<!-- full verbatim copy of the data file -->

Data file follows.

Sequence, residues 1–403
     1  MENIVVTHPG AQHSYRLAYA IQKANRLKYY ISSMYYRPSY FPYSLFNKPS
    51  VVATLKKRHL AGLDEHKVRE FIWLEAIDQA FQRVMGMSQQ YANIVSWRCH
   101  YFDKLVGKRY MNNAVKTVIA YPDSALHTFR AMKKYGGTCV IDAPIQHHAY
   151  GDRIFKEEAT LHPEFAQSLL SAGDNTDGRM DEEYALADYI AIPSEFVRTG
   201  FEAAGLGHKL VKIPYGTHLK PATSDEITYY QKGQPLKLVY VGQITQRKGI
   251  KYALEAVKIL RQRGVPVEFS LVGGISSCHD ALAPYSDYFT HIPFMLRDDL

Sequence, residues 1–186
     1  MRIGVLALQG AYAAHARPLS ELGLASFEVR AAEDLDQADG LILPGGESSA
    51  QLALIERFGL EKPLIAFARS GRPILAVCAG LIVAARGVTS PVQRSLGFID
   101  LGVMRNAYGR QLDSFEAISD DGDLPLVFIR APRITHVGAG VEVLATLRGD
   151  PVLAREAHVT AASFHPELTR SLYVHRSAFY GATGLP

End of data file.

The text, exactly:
Sequence, residues 1–403
     1  MENIVVTHPG AQHSYRLAYA IQKANRLKYY ISSMYYRPSY FPYSLFNKPS
    51  VVATLKKRHL AGLDEHKVRE FIWLEAIDQA FQRVMGMSQQ YANIVSWRCH
   101  YFDKLVGKRY MNNAVKTVIA YPDSALHTFR AMKKYGGTCV IDAPIQHHAY
   151  GDRIFKEEAT LHPEFAQSLL SAGDNTDGRM DEEYALADYI AIPSEFVRTG
   201  FEAAGLGHKL VKIPYGTHLK PATSDEITYY QKGQPLKLVY VGQITQRKGI
   251  KYALEAVKIL RQRGVPVEFS LVGGISSCHD ALAPYSDYFT HIPFMLRDDL

Sequence, residues 1–186
     1  MRIGVLALQG AYAAHARPLS ELGLASFEVR AAEDLDQADG LILPGGESSA
    51  QLALIERFGL EKPLIAFARS GRPILAVCAG LIVAARGVTS PVQRSLGFID
   101  LGVMRNAYGR QLDSFEAISD DGDLPLVFIR APRITHVGAG VEVLATLRGD
   151  PVLAREAHVT AASFHPELTR SLYVHRSAFY GATGLP